In both series there is a powerful female character that is in charge. Jude and Juliette have to maintain order and to do so they have to face many challenges. They overcome their troubles and do what’s better for society instead of themselves. Jude and Juliette learn to sacrifice their own happiness for the better of society. Being powerful rulers, they need to be selfless and Jude and Juliette show this trait throughout the series. Both series also have major plot twists towards the end of the series.

The series have their differences as well. The Shatter Me books are more science fiction while The Cruel Prince series is more fantasy with non-human creatures. The Shatter Me series is focused around overthrowing the corrupt government controlling everyone and everything. They have laws restricting the people in the series and the main character’s main goal is to make the world return to normal. The Cruel Prince series has non-human creatures that are cut-off from the human world. They are separated and the main character, Jude, is a human trying to maintain peace in the non-human world. So, though both series are fiction, they are different types of fiction.

Both series still reflect the same messages. The main characters learn to form relationships with the people they love, showing the message of not having to be alone forever. You will find people that respect you and want to be a positive influence on your life.

Both series were a 5/5 star rating and I definitely recommend reading them!

-Kaitlyn D.

Shatter Me by Tahereh Mafi is available for checkout from the Mission Viejo Library. It can also be downloaded for free from Overdrive.

The Cruel Prince by Holly Black is available for checkout from the Mission Viejo Library. It can also be downloaded for free from Overdrive.

Animal Farm by George Orwell

Animal Farm by George Orwell is a short, yet classic allegorical novella of dystopian and political fiction. The book takes place on Manor Farm, a large farm where animals constantly feel oppressed by humans. Their anger towards the human race motivates them to rebel against rulership by kicking their farmer out of the farm and running the farm on their own. In Animal Farm–where all animals are supposedly equal–the lives of the animals turn upside down when pigs and dogs begin to rise in power through manipulation and propaganda. Throughout the novel, there’s a gradual progression where the pigs of Animal Farm begin to resemble humans both physically and psychologically.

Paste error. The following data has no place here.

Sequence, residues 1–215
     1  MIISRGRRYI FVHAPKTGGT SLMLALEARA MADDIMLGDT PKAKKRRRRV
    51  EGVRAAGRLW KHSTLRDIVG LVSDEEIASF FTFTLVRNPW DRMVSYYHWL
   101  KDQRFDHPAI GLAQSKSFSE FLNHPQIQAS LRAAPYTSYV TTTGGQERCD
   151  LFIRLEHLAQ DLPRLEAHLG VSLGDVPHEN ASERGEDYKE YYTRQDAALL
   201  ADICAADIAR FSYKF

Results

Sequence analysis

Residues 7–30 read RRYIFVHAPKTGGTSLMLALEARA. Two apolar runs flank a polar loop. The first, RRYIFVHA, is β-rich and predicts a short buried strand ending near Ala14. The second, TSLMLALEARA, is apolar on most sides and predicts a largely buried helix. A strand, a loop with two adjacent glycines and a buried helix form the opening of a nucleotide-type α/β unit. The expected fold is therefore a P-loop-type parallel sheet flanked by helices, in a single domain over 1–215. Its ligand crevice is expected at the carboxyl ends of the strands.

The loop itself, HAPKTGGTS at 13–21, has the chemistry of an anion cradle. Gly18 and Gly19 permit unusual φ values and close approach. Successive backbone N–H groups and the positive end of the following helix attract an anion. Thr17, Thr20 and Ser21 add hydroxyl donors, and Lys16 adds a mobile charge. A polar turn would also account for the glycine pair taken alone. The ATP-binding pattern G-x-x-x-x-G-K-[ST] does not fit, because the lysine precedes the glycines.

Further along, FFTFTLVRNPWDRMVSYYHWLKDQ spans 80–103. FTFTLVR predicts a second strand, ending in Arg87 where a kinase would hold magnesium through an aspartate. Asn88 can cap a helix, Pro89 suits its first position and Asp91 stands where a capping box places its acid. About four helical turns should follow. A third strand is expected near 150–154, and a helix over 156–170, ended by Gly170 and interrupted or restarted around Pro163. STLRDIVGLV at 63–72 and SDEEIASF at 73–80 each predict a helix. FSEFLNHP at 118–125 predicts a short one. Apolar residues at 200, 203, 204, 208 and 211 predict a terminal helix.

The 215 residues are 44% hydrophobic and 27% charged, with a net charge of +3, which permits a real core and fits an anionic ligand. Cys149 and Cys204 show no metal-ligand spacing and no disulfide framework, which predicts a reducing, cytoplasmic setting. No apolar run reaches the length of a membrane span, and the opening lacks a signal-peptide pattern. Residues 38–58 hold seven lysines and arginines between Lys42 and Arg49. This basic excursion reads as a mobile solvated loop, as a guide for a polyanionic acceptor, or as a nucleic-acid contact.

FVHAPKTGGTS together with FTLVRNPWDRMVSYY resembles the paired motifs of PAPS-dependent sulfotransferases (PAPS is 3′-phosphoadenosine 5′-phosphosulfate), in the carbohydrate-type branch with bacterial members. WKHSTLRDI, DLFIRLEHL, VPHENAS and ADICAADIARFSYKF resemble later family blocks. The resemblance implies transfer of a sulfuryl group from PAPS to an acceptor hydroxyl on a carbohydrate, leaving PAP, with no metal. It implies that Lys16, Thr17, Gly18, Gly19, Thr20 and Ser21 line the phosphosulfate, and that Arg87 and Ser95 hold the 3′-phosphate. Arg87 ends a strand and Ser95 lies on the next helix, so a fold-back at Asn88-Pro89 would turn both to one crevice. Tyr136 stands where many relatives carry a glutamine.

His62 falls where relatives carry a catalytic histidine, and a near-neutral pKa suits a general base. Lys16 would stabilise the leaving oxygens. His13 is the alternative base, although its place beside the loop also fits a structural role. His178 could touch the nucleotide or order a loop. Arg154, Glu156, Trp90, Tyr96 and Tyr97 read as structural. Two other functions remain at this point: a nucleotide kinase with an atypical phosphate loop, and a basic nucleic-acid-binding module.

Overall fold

Although this novel can be a fictional book for children, adults and teens are able to look past the plot and truly understand the story’s meaning. I, myself, am grateful to have read this at an older age so the themes are more prominent and prevalent to real life. Considering that George Orwell himself was a democratic socialist, the novel was a direct form of criticism towards communism, totalitarian and authoritarian regimes, and two infamous dictators–Joseph Stalin and Adolf Hitler. Orwell also includes various ways in which the ruling class ridicules and manipulates the working class. The working class is often seen giving up energy and resources for the benefit of the ruling class, yet they’re brain washed into feeling content with their lives, believing that all their hard work is contributing to the farm as a whole.